By Laura Zell, ’15 J.D.
Congratulations on your acceptance to Notre Dame Law School! When applying to law school I had no idea where I eventually wanted to work, which is why Notre Dame’s strong national reputation and alumni network stood out to me from the start. After visiting campus on Admitted Students Weekend, I was sold.
I felt integrated into the law school’s small, collegial community from the start of my law school career because of orientation, the formal pairing with a faculty advisor, the informal mentoring from upperclassmen, and the professor’s involvement and dedication to their students. Many 1L teachers take groups of students for coffee or lunch during the first few weeks of classes, and some even invite an entire class over for dinner. It was just as easy, if not easier, to get to know classmates through class, the variety of student organizations, and social events such as volunteer opportunities and intramural athletics. Beyond the law school, students join the Notre Dame family, composed of current students and alumni all over the country who are willing to help fellow Domers however they can.
While at NDLS I knew I was receiving a strong legal education that would prepare me for my current job, working at a law firm in Pittsburgh, but I had no idea how prepared I was until my employer sent me (by myself) to a deposition in Houston a month after passing the Pennsylvania bar.
Notre Dame Law School provides a variety of ways for students to gain first-hand, practical experience, including clinics, legal volunteer opportunities, and skills classes. The most beneficial class I took was deposition skills, where adjunct faculty — comprised of practicing attorneys in the South Bend area — taught important deposition skills ranging from techniques on how to best gather information about conversations or policies/procedures to testing case theories to preparing a witness. One day a week the adjuncts taught us a new technique, and then a few days later, we had the chance to practice that skill by examining a witness, while an adjunct observed and provided feedback. Being able to practice questioning a witness on a mock case where you create legal theories, decide how to handle negative or bad facts, and gain invaluable feedback from practicing attorneys gave me insight and hands-on experience into a big and important aspect of litigation even before becoming an attorney. It also gave me the confidence to head into a deposition with 30 other attorneys just a month after becoming a licensed attorney.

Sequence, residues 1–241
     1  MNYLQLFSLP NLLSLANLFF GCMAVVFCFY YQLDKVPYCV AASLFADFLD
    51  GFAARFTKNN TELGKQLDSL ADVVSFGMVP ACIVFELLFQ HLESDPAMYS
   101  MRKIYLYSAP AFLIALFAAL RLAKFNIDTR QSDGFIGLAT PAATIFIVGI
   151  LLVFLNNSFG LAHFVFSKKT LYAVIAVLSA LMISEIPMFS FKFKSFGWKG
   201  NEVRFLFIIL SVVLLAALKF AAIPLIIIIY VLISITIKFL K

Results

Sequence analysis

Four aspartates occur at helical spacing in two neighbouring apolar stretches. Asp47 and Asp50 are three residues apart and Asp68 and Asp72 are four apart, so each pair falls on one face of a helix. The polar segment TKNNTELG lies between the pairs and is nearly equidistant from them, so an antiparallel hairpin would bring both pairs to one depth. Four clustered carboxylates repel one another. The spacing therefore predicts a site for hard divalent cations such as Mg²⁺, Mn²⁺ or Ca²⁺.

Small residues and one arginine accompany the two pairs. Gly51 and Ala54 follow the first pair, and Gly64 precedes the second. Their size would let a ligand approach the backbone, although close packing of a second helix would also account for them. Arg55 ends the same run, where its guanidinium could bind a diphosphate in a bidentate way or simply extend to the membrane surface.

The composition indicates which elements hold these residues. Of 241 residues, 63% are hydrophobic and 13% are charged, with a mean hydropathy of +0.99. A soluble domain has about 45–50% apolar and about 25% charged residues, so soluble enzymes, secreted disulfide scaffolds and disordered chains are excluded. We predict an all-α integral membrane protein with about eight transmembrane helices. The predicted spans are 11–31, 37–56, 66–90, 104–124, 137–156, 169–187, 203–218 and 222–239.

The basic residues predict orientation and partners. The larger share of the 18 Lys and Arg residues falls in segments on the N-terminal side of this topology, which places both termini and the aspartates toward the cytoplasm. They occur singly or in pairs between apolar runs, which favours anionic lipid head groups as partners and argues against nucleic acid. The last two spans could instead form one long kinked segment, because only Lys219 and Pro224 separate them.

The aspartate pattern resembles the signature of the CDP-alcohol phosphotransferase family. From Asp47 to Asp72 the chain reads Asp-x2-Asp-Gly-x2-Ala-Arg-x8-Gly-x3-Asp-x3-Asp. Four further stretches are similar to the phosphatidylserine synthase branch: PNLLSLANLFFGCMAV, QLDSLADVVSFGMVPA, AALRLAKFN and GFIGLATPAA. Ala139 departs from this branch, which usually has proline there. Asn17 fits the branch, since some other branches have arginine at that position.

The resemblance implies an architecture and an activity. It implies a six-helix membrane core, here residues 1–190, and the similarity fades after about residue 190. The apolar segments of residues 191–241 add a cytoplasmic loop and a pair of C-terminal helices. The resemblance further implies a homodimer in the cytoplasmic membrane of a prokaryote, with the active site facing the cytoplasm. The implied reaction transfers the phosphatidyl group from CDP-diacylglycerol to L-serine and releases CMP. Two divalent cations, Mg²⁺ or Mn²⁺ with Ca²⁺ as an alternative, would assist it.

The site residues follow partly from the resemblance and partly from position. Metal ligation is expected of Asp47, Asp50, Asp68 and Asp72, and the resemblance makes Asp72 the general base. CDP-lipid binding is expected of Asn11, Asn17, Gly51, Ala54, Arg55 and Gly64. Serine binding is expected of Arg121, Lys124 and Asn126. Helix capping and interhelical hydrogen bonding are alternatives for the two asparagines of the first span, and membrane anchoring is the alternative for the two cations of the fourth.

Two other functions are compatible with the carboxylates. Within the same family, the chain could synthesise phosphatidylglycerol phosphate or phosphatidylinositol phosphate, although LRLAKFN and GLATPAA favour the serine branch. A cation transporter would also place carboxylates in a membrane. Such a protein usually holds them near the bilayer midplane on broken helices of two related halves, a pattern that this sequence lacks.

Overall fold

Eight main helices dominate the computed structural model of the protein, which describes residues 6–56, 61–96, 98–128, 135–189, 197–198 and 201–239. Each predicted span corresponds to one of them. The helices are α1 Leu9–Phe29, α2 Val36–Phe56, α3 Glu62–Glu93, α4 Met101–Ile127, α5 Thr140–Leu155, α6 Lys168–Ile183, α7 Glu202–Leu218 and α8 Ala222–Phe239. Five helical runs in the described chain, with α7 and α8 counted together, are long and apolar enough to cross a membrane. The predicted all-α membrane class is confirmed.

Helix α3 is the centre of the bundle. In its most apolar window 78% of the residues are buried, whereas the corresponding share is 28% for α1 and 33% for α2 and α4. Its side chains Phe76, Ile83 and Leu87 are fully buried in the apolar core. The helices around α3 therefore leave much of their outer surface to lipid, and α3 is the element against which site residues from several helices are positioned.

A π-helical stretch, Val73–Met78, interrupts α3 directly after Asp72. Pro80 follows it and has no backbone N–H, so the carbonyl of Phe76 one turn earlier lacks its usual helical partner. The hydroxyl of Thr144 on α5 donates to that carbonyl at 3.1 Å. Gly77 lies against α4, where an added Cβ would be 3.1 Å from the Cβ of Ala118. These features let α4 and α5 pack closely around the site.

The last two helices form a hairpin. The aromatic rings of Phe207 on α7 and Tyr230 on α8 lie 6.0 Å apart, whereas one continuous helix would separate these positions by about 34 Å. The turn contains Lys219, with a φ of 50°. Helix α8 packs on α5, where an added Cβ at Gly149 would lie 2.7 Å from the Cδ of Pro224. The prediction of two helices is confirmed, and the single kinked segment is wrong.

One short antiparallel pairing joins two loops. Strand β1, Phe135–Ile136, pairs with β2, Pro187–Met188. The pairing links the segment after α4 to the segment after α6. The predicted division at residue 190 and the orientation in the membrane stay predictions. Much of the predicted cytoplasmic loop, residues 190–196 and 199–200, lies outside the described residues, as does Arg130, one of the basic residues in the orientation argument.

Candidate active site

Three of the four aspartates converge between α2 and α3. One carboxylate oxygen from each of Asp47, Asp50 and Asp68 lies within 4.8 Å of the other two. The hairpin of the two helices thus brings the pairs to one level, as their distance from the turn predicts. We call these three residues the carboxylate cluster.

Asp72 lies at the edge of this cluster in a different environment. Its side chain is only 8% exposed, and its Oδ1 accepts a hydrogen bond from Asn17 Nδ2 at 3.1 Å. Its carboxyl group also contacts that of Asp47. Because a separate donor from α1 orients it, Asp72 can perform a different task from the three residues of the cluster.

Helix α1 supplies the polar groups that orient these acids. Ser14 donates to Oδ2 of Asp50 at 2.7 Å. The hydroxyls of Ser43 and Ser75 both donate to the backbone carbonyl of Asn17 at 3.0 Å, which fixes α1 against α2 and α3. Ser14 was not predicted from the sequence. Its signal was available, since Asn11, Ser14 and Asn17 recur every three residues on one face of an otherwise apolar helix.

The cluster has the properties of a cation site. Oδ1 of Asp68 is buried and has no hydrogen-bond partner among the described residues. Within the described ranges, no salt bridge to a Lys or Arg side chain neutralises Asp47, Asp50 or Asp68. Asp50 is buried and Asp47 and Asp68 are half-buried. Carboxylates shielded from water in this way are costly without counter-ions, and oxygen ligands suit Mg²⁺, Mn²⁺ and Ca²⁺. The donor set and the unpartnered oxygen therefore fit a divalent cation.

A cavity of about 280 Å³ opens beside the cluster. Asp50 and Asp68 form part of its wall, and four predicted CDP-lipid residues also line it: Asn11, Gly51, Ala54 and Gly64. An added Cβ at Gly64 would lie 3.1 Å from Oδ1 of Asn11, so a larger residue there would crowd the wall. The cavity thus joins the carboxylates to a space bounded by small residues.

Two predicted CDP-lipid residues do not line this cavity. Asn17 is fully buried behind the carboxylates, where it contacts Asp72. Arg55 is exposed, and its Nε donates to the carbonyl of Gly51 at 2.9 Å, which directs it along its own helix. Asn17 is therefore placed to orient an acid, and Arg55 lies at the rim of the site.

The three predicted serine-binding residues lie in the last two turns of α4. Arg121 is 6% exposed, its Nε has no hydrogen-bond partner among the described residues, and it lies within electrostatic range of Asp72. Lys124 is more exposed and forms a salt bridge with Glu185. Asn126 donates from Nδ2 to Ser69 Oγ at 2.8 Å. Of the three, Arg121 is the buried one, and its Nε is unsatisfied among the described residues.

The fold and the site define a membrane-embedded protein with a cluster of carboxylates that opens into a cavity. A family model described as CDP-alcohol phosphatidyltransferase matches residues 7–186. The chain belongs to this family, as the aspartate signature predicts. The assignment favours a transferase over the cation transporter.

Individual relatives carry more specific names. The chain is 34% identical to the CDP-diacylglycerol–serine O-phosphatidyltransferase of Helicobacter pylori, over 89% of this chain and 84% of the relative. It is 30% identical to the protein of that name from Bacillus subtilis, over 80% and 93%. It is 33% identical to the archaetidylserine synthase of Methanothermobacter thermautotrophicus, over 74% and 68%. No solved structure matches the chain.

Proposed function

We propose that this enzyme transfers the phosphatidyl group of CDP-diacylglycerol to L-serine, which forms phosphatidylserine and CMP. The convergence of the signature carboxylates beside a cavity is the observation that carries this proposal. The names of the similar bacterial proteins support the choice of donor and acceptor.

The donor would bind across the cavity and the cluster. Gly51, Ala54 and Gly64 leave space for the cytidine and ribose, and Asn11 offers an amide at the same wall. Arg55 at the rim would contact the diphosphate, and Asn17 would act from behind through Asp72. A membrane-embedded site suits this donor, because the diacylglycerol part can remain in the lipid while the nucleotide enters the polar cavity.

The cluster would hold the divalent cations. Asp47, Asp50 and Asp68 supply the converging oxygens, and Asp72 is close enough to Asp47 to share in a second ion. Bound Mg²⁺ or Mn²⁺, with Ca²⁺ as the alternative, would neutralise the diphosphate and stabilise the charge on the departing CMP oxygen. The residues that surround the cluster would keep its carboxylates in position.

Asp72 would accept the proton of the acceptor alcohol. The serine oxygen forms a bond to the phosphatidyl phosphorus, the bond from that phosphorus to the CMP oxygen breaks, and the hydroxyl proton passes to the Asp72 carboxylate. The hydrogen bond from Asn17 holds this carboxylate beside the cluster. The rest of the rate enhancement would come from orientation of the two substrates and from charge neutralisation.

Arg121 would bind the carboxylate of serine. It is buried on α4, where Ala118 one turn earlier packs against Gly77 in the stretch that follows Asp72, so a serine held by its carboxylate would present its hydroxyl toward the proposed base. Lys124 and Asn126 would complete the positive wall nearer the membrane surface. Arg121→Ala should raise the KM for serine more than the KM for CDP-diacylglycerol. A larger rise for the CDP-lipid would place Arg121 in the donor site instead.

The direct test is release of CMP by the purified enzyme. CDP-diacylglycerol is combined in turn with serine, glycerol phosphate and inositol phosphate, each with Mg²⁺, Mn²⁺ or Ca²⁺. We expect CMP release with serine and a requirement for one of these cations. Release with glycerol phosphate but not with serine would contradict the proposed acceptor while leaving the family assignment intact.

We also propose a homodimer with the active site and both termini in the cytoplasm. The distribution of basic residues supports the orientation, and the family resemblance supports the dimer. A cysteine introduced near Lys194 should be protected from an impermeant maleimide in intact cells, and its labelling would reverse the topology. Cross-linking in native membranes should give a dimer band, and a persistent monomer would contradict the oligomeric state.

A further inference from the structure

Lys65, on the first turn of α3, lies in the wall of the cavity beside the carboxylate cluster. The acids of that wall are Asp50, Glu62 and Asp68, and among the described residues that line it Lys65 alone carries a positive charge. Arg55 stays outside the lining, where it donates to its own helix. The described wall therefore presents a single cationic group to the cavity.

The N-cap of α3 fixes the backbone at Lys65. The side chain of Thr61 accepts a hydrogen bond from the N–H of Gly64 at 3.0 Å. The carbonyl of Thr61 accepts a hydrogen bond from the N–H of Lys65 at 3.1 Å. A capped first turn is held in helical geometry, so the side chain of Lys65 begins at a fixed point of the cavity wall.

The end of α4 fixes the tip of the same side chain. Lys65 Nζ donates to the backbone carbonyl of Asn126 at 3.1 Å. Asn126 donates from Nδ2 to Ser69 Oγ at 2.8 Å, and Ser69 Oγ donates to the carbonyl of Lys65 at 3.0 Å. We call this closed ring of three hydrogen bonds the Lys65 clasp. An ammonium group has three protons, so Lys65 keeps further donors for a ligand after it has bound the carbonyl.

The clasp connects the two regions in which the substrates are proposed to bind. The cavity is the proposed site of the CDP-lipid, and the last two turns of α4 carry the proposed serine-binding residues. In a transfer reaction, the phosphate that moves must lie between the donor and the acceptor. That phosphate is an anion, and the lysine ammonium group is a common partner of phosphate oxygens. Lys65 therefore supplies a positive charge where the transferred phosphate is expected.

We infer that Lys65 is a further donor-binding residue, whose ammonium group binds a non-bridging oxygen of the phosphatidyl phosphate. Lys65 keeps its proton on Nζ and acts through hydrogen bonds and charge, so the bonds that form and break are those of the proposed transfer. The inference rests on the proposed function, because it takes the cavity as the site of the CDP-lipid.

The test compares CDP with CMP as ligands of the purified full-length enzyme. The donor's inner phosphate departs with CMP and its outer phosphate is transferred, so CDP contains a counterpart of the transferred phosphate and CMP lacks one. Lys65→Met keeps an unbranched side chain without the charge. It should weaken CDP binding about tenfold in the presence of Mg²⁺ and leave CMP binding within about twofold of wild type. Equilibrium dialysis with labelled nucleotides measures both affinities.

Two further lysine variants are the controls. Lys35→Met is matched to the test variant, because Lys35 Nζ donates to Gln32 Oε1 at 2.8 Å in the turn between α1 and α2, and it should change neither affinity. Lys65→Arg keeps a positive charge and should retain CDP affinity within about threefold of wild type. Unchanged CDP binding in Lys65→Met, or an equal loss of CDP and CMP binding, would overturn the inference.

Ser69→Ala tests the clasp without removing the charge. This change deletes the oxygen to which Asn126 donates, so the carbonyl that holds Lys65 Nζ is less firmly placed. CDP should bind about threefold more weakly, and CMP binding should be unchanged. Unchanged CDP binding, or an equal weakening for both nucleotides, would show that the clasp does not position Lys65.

What strikes me about my time at Notre Dame is how this school became much more than a place to receive a legal education. Don’t get me wrong, I expected, and did receive a great legal education that I know will serve me well for the rest of my life, regardless of where I want to practice or in what capacity. But what I didn’t expect was the lifelong friendships and experiences that occurred outside of the classroom. For example, I became close to a professor from South Africa, learned about apartheid and South African food during a dinner at her home; heard former President Jimmy Carter, his wife Rosalynn Carter, Condoleezza Rice, and two U.S. Supreme Court Justices speak; and became a big time football fan, after having lunch with Notre Dame’s head coach Brian Kelly and the entire football coaching staff!
A member of Notre Dame Law School Class of 2015, Zell earned her bachelor of arts in government and politics from the University of Maryland in 2012. While in law school, Zell earned the Dean’s Award for Deposition Skills. She also served as the Admissions Chair of the Student Bar Association, the Executive Notes Editor for the Journal of College and University Law, and a legal intern with the University of Notre Dame’s Office of General Counsel. Currently, Zell is an associate in the litigation group at Metz Lewis in Pittsburg, Pa., specializing in labor and employment law.